Sen. Joe Donnelly, D-Ind., meanwhile, signaled his willingness to work across the aisle in more ways that one.

He was the only Democrat to side with GOP lawmakers on two key amendments approved at the markup, including one that would raise a Consumer Financial Protection Bureau exam threshold from $10 billion to $50 billion and another that would prohibit federal banking and credit union regulators from participating in the Justice Department's Operation Choke Point.

He also praised the Democratic substitute, but added that Shelby's legislation contained some important measures.

"In the chairman's bill there are a number of additional things that I think could work, but there are things in there that do not work," he said. "As we look forward, Sen. Corker has said we can reach out and work together to try to create an opportunity to really put together a good, solid bill, and I want to be part of that effort as we move forward."

Sen. Heidi Heitkamp, D-N.D., another moderate on the panel, urged the committee to take up the narrow Democratic bill, which contains a number of bipartisan provisions, while also working toward bigger changes down the road.

"We have an opportunity to get real — limited, but real — relief to community bankers," she said. "It will send a message that we're ready to respond. We can do something small as we're working to do something big."

Warner Lays Down Gauntlet

Still, Democrats were not necessarily uniform in their desire to move forward, with some citing frustrations with the legislative effort so far.

Sen. Mark Warner, D-Va., who is a pro-business moderate, had some of the toughest words for the bill, particularly the process taken by Shelby and his staff in crafting it.

"Dodd-Frank is not perfect. There needs to be perfections made," Warner said. "But I have been more disappointed by this attempt than by anything I've been involved with on this committee."

Democrats did not "receive the legislative draft until ten days before the markup that's been scheduled. Then we got different versions of the draft depending on what kind of member you were. Then we had finally get the draft off the public website since it was released to the press first," he added. "I think this turned this markup into a sideshow, instead of what it should be, which is granting serious relief, in appropriate measures, to Dodd-Frank and making sure that while we protect our consumers we also don't put undue burdens."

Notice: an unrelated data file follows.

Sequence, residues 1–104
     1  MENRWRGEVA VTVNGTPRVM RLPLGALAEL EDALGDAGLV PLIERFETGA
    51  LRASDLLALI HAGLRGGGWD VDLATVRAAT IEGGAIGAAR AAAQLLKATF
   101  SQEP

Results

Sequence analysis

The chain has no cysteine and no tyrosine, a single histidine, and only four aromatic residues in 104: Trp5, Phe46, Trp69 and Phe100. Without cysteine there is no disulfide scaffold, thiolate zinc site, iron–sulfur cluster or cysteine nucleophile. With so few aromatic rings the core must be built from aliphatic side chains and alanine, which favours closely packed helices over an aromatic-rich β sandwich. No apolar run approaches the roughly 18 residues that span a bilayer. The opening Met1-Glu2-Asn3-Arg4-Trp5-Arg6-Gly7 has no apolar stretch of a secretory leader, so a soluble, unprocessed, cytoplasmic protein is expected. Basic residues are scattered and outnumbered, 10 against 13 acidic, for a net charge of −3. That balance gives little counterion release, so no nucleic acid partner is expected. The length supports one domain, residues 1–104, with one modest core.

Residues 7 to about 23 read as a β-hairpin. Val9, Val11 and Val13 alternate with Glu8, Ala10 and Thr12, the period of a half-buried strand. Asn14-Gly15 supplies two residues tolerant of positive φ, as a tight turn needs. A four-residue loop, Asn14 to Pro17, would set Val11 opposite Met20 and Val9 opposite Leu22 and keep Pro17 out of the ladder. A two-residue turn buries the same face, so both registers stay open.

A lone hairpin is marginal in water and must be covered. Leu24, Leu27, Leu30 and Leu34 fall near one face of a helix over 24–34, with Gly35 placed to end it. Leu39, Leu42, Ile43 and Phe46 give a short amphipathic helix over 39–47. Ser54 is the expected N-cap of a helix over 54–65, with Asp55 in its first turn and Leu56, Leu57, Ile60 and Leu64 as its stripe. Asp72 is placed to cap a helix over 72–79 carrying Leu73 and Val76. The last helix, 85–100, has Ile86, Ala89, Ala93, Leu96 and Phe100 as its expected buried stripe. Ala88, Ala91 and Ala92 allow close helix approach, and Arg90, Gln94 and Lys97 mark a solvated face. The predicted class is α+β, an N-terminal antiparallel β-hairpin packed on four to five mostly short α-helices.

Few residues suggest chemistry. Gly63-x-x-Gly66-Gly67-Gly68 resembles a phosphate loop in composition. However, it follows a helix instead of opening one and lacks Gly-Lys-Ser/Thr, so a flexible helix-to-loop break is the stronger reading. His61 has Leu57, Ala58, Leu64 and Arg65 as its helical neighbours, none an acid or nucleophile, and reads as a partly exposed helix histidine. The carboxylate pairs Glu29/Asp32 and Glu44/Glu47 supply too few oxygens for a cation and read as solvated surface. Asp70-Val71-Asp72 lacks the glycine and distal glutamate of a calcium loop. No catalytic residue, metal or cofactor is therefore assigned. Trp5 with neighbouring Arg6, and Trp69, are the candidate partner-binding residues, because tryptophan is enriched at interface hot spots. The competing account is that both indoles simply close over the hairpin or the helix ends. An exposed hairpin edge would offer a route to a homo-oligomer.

As such, Warner vowed to oppose Shelby's bill and all amendments raised at the markup, in addition to using "every tool that I've learned over the last five years — used by both sides — to make sure that this bill as written doesn't get to the floor and doesn't proceed."

Less surprisingly, Sen. Elizabeth Warren, D-Mass., also raised strong concerns with the proposal, charging that Congress should be working to "strengthen … rules and gaps in the regulatory framework," not undermining Dodd-Frank.

"The last thing we should be doing is rolling back the rules and weakening the oversight of some of the biggest banks in this country," she said. "The last thing we should be doing is what's in the chairman's bill — making it harder for the Fed to supervise banks with hundreds of billions of dollars in assets, making it easier for the big banks to offer risky mortgages."